Overall, What This Country Needs is just an okay album – nothing terrible yet nothing outstanding (none of the songs are particularly memorable in any significant way). My main issue with the project is Tippin himself – he sounds neither comfortable nor confident and gives spotty vocals throughout. He’s proven he can be strong enough on somewhat traditional material, but he hardly brings any of those goods here.

Grade: C

Album Review: Collin Raye -‘Never Going Back’

never going backIn 2006 Collin released a Europe-only release to coincide with a tour; the US didn’t miss anything because Fearless is frankly pretty awful. Three years later, he teamed up with Saguaro Road, a Time Life imprint, and produced his most recent secular effort to date. Never Going Back is better than Fearless, but overall proved to be another disappointment with a few bright spots.

The screamed out rock of the title track, written by Collin with the album’s producer Michael A Curtis, is an over-produced, too-loud error of judgment, entirely unsuited to Collin’s strength as an artist. At five minutes, it is also far too long.

There are a couple of outright pop covers, neither successful. Pop classic ‘Without You’, performed as a duet with Christian music artist Susan Ashton has nicely understated verses but gets completely overblown on the chorus, both vocally and instrumentally. Collin’s version of ‘Stuck In The Middle With You’ is just boring karaoke which seems pointless.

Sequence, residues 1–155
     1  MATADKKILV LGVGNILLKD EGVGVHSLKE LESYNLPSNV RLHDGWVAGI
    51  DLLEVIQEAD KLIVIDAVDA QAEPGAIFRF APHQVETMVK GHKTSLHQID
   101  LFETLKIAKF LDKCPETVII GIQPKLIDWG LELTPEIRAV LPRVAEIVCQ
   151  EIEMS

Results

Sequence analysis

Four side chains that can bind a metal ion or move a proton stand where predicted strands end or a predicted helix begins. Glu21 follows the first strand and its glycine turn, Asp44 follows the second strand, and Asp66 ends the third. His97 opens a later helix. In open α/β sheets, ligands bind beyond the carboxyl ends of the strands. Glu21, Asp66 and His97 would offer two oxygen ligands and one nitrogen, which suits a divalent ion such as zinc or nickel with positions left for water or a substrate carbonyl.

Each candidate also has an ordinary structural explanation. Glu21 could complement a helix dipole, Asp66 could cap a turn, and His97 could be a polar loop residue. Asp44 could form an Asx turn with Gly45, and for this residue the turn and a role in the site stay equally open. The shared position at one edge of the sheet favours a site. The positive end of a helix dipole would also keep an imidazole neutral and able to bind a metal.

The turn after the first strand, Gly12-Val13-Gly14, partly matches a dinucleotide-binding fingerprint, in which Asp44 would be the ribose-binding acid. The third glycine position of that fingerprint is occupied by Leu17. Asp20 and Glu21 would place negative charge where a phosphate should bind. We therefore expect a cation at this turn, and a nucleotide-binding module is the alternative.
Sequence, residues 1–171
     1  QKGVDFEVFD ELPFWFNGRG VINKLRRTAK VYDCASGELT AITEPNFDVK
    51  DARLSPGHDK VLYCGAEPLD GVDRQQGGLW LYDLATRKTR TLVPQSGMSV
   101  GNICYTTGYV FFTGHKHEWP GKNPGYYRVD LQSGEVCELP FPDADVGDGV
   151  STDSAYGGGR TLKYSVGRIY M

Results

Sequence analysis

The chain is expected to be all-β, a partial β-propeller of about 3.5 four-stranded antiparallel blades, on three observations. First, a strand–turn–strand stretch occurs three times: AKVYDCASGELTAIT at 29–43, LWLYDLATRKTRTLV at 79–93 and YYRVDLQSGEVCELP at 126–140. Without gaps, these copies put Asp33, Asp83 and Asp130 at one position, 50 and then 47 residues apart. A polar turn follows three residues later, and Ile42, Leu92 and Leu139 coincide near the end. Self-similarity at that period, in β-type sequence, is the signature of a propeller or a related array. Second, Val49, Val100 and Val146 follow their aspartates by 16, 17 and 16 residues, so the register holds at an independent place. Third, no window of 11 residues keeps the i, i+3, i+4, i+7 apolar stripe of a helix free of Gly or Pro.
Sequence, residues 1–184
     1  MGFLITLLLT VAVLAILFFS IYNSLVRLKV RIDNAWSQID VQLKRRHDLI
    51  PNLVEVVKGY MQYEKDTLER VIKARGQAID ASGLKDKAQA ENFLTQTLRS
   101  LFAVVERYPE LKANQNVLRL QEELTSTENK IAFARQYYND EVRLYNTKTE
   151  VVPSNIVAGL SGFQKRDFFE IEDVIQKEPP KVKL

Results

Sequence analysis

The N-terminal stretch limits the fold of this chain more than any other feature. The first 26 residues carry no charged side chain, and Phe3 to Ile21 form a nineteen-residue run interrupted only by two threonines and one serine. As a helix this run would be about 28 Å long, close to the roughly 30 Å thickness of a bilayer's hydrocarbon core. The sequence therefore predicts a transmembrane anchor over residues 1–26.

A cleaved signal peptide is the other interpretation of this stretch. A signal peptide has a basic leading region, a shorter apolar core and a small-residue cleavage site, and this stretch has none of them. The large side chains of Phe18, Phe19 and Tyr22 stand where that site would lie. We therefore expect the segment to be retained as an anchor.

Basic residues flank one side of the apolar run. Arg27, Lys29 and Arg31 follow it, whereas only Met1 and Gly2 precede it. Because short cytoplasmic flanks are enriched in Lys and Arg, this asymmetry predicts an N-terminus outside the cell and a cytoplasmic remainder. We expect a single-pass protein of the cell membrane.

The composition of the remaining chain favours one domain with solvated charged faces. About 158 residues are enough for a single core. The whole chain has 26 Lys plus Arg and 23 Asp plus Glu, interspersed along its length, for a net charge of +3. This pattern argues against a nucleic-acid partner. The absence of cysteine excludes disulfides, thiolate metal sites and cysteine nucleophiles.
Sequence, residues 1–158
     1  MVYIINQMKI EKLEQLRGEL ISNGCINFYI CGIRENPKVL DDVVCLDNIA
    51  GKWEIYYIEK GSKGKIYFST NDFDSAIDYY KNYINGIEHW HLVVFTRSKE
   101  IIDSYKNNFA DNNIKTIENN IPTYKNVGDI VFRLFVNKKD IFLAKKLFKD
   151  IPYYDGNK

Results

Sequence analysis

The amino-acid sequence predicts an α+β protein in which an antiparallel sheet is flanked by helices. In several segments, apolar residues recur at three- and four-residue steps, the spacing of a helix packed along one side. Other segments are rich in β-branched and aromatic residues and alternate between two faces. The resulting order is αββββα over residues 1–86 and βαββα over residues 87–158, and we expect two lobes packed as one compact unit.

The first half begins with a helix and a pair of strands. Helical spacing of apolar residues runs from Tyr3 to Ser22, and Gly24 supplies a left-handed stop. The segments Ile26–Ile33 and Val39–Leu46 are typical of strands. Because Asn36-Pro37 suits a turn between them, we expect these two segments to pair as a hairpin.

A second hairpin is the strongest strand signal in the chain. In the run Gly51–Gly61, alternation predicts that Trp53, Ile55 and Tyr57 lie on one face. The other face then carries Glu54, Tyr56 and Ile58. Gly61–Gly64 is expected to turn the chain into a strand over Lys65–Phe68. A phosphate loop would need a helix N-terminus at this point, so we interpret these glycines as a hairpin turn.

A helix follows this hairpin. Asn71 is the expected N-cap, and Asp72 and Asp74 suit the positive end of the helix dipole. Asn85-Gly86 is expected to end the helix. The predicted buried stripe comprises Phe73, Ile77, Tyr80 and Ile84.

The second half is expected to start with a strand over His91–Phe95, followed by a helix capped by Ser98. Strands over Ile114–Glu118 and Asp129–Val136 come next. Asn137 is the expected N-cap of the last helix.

Collin’s voice is a bit strained at times on the over-produced mid-tempo ‘Mid Life Chrysler’, a barbed portrait of a middle aged man trying to hold on to his youth with the aid of hair dye and a hot car while jettisoning a longstanding marriage. It is the most interesting of four songs written by Neil Thrasher, this one with Wendell Mobley and Tony Martin. Thrasher and Mobley’s ‘You Get Me’ and ‘Take Care of You’ (written by Thrasher and Mobley with Aimee Mayo) are bland pop-leaning love songs. The sugary piano ballad ‘I Love You This Much’, written by Thrasher with Austin Cunningham, is not the Jimmy Wayne hit but uses the same “open arms” imagery and shift to Jesus in the last verse, to significantly less effect.

Things improve with Curtis’s beautiful ‘The Cross’, a touching story song about a widow celebrating her love at a roadside cross she visits to remember him, I presume at the site of his death:

I don’t come to mourn his dying
But to celebrate his life
Death can never stop love
Between a husband and a wife
There’s something about coming here
When I’m feeling lost
When I need to find my peace of mind
I just come to the cross

‘The Only Jesus’, written by Raye with Curtis, is also pretty good, with its inspiring story of behaving in a Christlike manner towards a drunk, because

I might be the only Jesus he will ever see

Oh, and who am I to judge him?
Don’t know what he’s been through
If I read the Bible right there’s only something God can do